Tuesday, April 11, 2006

microsoft to go azeri

Microsoft has announced the beginning of the first stage of the MS Windows XP localization for Azerbaijan. The company has held a presentation in Baku today, where the company `s head in Baku, Vladimir Tchaikovsky has mentioned that the company` s products are now translated into 45 languages of the world, Trend reports.

Works to translate Windows XP are conducted in cooperation with AZEL (Azerbaijan Electronics) on the basis of the earlier signed contract. The first stage of the project will include presentation to the society Azerbaijani version of the terminological glossary of the MS operational system, he said. “Considering the great importance of the localization project, Microsoft is committed to attract as many people as possible for the discussion of glossary,�? he added.

Read more: Azeri
Posted by Kwintessential at 10:46 PM
Categories: Translation News

sesame street to build cultural bridges in kosovo

US children's TV show Sesame Street is to be used to promote ethnic diversity in Kosovo.

Famous characters Elmo, Cookie Monster, and Big Bird will feature in 26 episodes along with footage taped in the province. The Organisation for Security and Cooperation in Europe (OSCE) said the episodes will feature stories about children from various ethnic groups.

Read more: Kosovo

india ranks poorly in expat survey

India is one of the preferred global business destinations. But quality of living — a key factor in deciding pay packages for expatriate assignments — in its cities is not all that good.

A worldwide quality-of-living survey conducted by Mercer Human Resource Consulting has ranked Indian cities far below their Asian counterparts. Delhi and Mumbai share the 150th position — 29 notches behind Colombo, ranked at 121, and even below Senegal’s capital Dakar, which has been placed at 144. But the two Indian cities have shown slight improvement, compared with last year. Delhi was at 153 then and Mumbai 151.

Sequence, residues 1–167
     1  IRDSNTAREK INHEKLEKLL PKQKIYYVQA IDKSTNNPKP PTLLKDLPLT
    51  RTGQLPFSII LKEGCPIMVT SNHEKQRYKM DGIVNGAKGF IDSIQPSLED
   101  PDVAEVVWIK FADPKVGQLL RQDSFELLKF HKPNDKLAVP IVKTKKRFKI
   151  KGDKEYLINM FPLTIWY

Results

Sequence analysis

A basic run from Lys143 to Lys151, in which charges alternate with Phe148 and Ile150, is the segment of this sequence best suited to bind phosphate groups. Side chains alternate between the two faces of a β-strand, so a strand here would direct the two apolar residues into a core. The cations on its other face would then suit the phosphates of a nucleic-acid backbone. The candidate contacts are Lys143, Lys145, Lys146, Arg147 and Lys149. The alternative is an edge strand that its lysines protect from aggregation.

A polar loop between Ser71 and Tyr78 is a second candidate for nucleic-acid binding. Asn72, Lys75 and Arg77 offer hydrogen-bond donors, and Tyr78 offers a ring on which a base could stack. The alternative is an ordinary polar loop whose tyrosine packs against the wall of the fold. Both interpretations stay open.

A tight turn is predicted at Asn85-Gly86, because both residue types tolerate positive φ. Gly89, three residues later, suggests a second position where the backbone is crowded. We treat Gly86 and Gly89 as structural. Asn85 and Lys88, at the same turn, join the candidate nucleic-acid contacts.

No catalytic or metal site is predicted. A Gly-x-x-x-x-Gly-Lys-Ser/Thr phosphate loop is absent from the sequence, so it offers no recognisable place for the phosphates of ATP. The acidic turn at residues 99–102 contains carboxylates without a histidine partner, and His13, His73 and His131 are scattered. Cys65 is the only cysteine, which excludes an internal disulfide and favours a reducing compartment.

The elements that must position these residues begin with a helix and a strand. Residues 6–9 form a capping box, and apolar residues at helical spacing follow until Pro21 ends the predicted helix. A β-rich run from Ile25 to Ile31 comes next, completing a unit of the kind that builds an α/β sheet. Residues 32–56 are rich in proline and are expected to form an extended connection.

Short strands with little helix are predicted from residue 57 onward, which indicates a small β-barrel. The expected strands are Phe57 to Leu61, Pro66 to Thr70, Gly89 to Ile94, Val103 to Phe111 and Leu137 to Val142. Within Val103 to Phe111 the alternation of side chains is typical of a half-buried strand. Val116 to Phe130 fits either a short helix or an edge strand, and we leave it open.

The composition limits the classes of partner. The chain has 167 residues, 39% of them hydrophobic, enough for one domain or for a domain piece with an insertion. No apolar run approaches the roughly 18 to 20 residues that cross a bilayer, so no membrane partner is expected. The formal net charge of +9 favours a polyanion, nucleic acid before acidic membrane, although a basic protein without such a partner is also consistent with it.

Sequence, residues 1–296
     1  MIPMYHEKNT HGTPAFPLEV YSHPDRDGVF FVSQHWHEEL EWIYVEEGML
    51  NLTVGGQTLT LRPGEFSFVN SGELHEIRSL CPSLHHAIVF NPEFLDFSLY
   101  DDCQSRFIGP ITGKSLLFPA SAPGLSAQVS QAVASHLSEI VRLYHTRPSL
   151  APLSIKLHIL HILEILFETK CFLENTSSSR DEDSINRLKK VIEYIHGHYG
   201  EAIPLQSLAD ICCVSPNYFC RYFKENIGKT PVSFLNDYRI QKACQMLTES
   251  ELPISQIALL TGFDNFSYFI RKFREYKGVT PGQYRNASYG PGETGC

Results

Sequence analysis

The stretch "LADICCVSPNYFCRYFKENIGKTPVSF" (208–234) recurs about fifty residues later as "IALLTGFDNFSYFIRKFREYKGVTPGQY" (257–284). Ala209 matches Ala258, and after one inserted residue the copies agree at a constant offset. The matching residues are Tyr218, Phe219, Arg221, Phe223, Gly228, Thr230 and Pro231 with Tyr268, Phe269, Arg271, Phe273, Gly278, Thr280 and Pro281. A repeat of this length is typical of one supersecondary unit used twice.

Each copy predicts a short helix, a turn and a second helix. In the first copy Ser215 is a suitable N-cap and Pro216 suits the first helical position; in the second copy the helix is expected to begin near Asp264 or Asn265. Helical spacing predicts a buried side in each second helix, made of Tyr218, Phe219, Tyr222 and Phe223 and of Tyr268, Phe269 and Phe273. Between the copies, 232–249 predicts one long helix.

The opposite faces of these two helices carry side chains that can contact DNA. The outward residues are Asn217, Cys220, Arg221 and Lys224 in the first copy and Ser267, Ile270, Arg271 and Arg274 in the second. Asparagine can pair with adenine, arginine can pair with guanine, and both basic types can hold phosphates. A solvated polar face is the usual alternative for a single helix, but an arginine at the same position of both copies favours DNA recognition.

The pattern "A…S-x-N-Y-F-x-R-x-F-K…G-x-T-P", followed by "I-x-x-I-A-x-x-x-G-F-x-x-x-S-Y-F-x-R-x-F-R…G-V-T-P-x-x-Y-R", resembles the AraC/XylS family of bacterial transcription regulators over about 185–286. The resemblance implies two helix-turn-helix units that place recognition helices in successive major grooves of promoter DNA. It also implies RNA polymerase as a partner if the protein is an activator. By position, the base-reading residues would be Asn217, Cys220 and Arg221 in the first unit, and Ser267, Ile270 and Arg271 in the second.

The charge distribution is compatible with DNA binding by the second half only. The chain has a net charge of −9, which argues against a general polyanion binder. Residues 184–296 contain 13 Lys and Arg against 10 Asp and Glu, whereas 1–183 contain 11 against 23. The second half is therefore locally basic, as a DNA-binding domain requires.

Read more: India

u.s. military use video game to learn intercultural skills

A new video game training tool developed by the University of Southern California’s Information Sciences Institute has begun to be used by the US Army and Marine Corps to teach soldiers about Middle Eastern customs and language.

The Tactical Language Program includes titles such as Tactical Iraqi, Tactical Pashto (the primary language of eastern Afghanistan and western Pakistan) and Tactical Levantine (the geographical area comprising Israel, Jordan, Lebanon, Palestine and Syria). Previous interactive language programs have focused solely on spoken language, but the new Tactical Language titles present scenarios including body language and cultural taboos.

Read more: USA

lack of common language divides eu

European Union comprising 25 nation states that is projected as a model for other continents where nation states are in a confrontational mode or are engaged in internecine wars is itself in turmoil. Those who visualized and lobbied for a unified Europe traversed a long road that was full of potholes. For them, it was not an easy task to bring together countries that were at each other's throat for centuries and fought long and bloody wars.

The Union has been conscious from the very beginning about the absence of a common language that may bind Europe together. Consequently, the European Commission, the administrative wing of the EU, works in as many as 20 languages.

Read more: EU

english film breaks new ground in bollywood

There are no songs, no glitzy dance routines and all the dialogue is in English, but Bollywood's latest offering, about a dysfunctional Parsi family, has defied convention by becoming a box-office hit.

The world's largest film industry by output and ticket sales draws its strength from the country's conservative Hindi-speaking heartland, but these days it is also reaching out to the country's growing middle classes in its fast-modernising towns.

Read more: Bollywood

BTEM Completes Spanish Translation of website

Biostem Inc., due to its pending acquisition of Cryobanks International, may be a target of aggressive investors and day traders. Yesterday after the stock markets closed, the company issued a press release announcing that it has completed a full Spanish translation of the company's highly praised informational website.

Why is this important? Because the website is considered a fundamental component in educating the Hispanic population and increasing minority cord blood donations.

Read more: Biostem Inc

16 million access internet in Indonesia

The Jakarta Post reports that internet access in Indonesia lags behind other countries with just 6.6% of the population online - but that’s a healthy 16 million audience. Neighbouring Malaysia is reported at 33% of the population and 8 million users and Thailand has 6.5 million users representing 12 million users.

Read more: Indonesia
Posted by Kwintessential at 10:29 PM